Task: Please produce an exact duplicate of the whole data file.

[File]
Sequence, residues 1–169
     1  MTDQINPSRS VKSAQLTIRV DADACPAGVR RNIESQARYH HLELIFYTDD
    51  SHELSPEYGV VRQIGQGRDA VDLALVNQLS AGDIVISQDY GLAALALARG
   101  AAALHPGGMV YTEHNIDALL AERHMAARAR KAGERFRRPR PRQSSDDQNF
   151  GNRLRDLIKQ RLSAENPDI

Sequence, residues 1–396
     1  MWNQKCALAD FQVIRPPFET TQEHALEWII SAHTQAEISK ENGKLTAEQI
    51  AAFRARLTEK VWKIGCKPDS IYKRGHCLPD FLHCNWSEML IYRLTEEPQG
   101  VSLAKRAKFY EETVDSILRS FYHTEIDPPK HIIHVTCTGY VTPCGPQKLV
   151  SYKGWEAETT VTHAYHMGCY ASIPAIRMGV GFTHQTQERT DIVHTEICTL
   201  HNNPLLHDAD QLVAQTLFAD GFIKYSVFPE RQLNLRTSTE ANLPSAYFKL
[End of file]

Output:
Sequence, residues 1–169
     1  MTDQINPSRS VKSAQLTIRV DADACPAGVR RNIESQARYH HLELIFYTDD
    51  SHELSPEYGV VRQIGQGRDA VDLALVNQLS AGDIVISQDY GLAALALARG
   101  AAALHPGGMV YTEHNIDALL AERHMAARAR KAGERFRRPR PRQSSDDQNF
   151  GNRLRDLIKQ RLSAENPDI

Sequence, residues 1–396
     1  MWNQKCALAD FQVIRPPFET TQEHALEWII SAHTQAEISK ENGKLTAEQI
    51  AAFRARLTEK VWKIGCKPDS IYKRGHCLPD FLHCNWSEML IYRLTEEPQG
   101  VSLAKRAKFY EETVDSILRS FYHTEIDPPK HIIHVTCTGY VTPCGPQKLV
   151  SYKGWEAETT VTHAYHMGCY ASIPAIRMGV GFTHQTQERT DIVHTEICTL
   201  HNNPLLHDAD QLVAQTLFAD GFIKYSVFPE RQLNLRTSTE ANLPSAYFKL